defending and fighting for.  To them they were just doing the right thing. But we all
know that they went to extremes by the frequent wounding of persons by their bayonets
and cutlasses,  and the numerous instances of bad behavior in the soldiery.  This also led
the colonists to figure out the England did not send those troops over for their well-being,
but were there just for the benefit of England.  But once again,  they were only taking
orders from England.  
        Early on the evening of March 5, 1770,  a crowd of laborers began throwing hard
packed snowballs at soldiers guarding the Customs House.  Goaded beyond endurance
the sentries acted against express orders and fired on the crowd,  killing four and
wounding eight,  one of whom dies a few days later.1 Here are the names of the people
who were wounded or killed.
Mr. Samuel Gray,  killed on the spot by a ball entering his head.
Crispus Attucks, a mulatto, killed on the spot, by two balls entering his breast.
Mr. James Caldwell,  killed on the spot, by two balls entering his back.
Mr. Samuel Maverick,  a 17 year old, mortally wounded, he died the next morning.
Mr. Patrick Carr mortally wounded; he died the 14th instant.
Chris Monk and John Clark, youths about 17, dangerously wounded.  Apprehended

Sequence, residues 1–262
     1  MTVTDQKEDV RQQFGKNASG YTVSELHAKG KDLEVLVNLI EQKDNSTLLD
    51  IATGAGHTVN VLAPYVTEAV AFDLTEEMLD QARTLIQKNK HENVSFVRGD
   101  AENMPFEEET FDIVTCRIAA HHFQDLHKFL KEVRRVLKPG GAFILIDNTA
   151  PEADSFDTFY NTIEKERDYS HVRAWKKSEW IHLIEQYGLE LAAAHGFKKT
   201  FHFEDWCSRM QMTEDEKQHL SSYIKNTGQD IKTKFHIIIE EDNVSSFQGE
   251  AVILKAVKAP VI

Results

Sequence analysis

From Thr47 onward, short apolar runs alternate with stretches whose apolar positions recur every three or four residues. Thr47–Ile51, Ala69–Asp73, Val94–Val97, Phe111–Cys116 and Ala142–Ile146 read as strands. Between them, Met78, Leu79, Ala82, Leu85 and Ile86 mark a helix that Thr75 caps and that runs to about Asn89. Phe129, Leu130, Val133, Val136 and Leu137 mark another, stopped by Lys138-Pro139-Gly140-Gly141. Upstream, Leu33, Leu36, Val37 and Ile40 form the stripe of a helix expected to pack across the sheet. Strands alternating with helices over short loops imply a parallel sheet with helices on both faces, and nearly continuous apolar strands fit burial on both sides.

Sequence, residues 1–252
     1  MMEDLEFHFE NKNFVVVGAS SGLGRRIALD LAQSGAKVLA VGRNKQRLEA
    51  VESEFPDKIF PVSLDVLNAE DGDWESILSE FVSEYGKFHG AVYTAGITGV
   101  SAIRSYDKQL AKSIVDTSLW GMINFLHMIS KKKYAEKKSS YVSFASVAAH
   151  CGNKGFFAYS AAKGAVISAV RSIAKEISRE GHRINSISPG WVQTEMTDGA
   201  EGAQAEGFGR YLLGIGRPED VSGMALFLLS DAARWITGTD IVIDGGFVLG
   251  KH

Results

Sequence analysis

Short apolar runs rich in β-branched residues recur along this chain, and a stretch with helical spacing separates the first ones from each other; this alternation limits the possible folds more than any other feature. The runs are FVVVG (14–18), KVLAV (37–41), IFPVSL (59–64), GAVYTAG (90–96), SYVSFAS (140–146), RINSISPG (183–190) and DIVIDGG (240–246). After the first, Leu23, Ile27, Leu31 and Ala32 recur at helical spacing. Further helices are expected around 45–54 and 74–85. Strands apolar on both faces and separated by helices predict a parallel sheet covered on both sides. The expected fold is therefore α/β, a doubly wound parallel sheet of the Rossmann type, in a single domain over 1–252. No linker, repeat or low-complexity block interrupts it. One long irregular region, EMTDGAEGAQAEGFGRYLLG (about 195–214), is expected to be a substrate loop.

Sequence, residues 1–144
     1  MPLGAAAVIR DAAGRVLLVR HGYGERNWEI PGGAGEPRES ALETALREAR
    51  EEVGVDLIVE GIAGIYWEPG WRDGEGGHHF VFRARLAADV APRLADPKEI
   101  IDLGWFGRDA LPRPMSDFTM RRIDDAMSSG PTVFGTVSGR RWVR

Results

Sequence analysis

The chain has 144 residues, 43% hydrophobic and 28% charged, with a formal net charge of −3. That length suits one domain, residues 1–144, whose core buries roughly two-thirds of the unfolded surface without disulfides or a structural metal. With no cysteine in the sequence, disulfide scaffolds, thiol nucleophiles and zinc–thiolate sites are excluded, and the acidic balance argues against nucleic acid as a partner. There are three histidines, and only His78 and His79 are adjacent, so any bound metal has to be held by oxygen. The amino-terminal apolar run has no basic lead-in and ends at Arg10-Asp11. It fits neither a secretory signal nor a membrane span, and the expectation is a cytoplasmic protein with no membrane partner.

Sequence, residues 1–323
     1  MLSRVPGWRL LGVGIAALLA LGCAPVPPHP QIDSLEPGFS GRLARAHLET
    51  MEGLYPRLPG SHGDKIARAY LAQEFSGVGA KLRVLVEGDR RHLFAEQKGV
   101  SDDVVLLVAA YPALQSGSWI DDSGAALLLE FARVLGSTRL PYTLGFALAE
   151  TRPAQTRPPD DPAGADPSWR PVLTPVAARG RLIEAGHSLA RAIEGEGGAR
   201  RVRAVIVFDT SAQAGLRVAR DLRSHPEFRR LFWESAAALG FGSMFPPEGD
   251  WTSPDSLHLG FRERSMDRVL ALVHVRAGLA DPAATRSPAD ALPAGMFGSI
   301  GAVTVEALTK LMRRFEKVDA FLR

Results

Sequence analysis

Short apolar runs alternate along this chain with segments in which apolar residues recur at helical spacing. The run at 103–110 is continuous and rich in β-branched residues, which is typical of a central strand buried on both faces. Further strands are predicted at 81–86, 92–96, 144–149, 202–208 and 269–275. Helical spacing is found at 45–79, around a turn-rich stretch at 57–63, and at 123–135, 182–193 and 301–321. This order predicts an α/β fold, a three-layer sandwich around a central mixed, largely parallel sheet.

they would die.
Mr. Edward Payne, merchant, standing at his door, wounded.  
Messrs. John Green, Robert Paterson, and David Parker; all dangerously wounded.2
        There were depositions in this affair which mention that several guns were fired
at the same time from the Custom House:
        Benjamin Frizell, on the evening if the 5th of March,  having taken his station
near the west corner of the Custom House in King St., before and at the time of the
soldiers firing their guns,  declares that the first discharge was only of one gun,  the next
of two guns,  upon which he the deponent thinks he saw a man stumble.  The third
discharge was of three guns,  upon which he saw two men fall.  Immediately afterward
five guns were discharged from the balcony,  or the chamber window on the balcony.  3
         Gillam Bass,  being on King St. at the same time declares that the posted
themselves between the Custom house door and the west corner of it.  In a few minutes
started to fire upon the people.  2 or 3 were really high which he believes must of came
from the balcony windows. 4
        A few more men also declared the same thing.  The most important factor there is
that they all testified that the y saw some of the shots coming from the higher balcony
windows.  This proves that those soldiers were at no danger,  but still took it upon
themselves to shoot at the citizens who were not harming them in any way.
        The morning after the massacre, a town meeting was held;  at which attended a
very great number of freeholders and inhabitants of the town.  It was now time for the